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Thessaly, often called the breadbasket of Greece, is a region abundant in unspoilt forests, water areas, archaeological sites, villages with traditional architecture, ancient towns, Byzantine castles, monasteries and old churches. The mountain ranges of Pindos, which run along the ancient road that once connected western Thessaly to the Epirus regions in the north, create splendid mountain landscapes beguiling to visitors. They host a mixture of flora that produces a wide variety of ecosystems, characterized by the tree and bush species (oak forests, pine forests, riverside woods). Spreading northeast, the immense “green sea” of the Thesasalian plain is traversed by the tributaries of Pineios River.
To the south, with the mountainous maze of Agrafa in the background, the artificial Lake Plastiras is a pole of attraction for thousands of visitors each year, a splendid experience thanks to its natural beauty and unique sights that surround it. The harmonious combination of history, tradition, architecture, religious monuments and natural history is a pleasant surprise for visitors. The mountain slopes lend themselves for short or long trekking tours of various degree of difficulty. There are air-sport arenas at Templa and Kryoneri peaks within the lake area, as well as in Mouzaki, Ellinopyrgo and Agios Georgios. Mountain-biking is a new challenge for visitors, as well as hydro-bikes and canoes, which can be found at the lake shores. River Aspropotamos is undoubtedly one of Greece’s jewels, featuring an imposing and spellbinding landscape, rare wild flowers growing in abundance and a rich fir forest with River Acheloos flowing amidst them. Fishing, hunting, mountain biking, trekking, air gliding, riding, rafting and skiing are only some of the activities that visitors can enjoy in the Pindos Mountains area.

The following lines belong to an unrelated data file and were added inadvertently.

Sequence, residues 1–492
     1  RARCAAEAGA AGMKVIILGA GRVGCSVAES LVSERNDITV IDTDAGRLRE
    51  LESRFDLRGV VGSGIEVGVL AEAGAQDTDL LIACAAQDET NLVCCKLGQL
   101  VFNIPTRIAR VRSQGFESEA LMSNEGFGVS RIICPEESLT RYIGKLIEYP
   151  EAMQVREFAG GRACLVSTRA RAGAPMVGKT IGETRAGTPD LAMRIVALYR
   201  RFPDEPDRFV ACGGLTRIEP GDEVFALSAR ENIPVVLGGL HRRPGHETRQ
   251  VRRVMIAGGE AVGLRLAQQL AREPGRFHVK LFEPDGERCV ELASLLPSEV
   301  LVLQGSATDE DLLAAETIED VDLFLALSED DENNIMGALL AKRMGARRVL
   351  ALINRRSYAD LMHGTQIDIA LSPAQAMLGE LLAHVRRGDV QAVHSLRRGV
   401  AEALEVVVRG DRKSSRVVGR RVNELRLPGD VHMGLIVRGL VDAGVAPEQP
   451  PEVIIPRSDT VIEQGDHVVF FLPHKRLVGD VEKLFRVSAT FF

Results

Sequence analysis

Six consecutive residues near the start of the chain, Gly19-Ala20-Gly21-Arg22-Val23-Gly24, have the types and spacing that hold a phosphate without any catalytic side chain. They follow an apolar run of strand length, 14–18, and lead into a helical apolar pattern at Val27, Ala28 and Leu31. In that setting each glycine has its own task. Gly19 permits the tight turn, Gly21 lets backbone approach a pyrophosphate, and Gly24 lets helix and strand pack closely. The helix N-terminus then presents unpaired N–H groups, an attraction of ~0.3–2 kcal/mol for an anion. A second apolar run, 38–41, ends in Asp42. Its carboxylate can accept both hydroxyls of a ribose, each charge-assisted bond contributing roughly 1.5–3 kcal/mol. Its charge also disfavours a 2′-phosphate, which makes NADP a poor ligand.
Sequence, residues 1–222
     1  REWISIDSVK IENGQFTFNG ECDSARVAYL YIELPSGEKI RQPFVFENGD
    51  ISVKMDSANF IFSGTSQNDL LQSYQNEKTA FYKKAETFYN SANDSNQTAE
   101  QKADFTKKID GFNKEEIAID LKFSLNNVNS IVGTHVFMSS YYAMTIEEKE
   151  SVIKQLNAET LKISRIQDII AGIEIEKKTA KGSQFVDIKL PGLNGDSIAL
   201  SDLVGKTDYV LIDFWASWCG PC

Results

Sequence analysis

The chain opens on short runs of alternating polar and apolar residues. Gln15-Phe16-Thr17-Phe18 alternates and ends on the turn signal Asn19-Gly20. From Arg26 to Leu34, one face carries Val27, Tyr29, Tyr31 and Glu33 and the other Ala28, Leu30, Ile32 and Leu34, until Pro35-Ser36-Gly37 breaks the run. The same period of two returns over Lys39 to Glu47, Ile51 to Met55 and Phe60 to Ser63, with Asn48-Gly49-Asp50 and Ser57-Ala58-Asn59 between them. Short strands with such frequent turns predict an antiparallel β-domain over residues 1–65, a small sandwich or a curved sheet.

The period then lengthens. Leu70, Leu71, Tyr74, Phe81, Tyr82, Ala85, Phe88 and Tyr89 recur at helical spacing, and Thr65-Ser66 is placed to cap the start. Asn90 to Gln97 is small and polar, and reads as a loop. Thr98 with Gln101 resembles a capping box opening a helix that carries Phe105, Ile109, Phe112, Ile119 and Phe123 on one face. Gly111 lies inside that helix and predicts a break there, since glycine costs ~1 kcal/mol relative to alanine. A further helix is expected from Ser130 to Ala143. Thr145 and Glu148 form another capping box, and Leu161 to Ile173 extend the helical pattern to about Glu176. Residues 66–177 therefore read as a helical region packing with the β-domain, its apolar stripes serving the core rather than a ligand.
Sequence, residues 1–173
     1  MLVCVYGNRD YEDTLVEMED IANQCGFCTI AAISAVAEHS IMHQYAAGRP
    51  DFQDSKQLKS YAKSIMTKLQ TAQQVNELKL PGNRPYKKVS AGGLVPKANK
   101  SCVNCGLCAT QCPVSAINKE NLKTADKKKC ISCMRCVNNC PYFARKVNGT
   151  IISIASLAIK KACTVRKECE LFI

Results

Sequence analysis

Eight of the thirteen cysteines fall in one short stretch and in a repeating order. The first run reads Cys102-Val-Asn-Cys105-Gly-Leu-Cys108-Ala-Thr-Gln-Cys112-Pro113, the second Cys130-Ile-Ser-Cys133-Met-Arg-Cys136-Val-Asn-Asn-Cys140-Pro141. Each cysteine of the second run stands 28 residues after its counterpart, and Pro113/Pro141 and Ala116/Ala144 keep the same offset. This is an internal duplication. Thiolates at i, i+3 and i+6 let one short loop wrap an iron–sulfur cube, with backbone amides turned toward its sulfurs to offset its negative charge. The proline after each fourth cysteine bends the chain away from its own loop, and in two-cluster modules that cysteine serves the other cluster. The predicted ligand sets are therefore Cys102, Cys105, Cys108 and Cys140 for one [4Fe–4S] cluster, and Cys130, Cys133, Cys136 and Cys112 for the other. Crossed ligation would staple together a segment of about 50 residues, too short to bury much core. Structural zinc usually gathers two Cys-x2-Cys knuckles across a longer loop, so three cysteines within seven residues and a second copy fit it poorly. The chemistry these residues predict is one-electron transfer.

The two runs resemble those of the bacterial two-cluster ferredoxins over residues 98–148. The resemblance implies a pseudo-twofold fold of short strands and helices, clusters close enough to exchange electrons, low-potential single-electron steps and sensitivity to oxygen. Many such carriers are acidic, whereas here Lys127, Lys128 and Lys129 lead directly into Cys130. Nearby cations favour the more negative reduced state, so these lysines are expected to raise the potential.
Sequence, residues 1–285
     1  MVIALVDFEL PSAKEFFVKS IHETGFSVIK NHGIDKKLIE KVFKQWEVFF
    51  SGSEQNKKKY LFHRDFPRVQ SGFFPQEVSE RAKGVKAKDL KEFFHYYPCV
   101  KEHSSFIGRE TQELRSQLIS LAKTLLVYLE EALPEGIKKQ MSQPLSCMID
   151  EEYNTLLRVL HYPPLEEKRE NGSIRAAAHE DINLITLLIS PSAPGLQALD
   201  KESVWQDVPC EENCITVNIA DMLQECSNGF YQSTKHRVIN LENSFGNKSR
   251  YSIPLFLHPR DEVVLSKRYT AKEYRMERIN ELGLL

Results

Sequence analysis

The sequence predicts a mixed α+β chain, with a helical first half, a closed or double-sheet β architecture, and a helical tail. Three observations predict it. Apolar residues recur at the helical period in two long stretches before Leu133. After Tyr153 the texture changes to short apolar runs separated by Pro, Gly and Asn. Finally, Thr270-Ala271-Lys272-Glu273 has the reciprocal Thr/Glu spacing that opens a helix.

In the western part of Thessaly, a rare geological phenomenon has created an uncanny stone state, a group of looming rocks thrusting skywards and known as Meteora, because they indeed seem to hang or hover over (meteoro in Greek) above the plain. First inhabited by hermits in the 11th century, the rocks summits were the site where monasteries were built in the 16th century, a few of which still survive today, tended by monks and nuns. The area is included in UNESCO’s “World Heritage” sites list.
Tranquil hamlets are strewn throughout the region, giving the impression that time has stood still there. Thousands of visitors enjoy year-round vacations at comfortable accommodating, tasting local delicacies and home-grown wine, while tradition has been kept alive through a multitude of open-air festivities taking place usually near chapels in honour of the saints. Lake Plastiras becomes the focus of cultural events during the summer, featuring popular artists performing in an idyllic environment under the moonlight.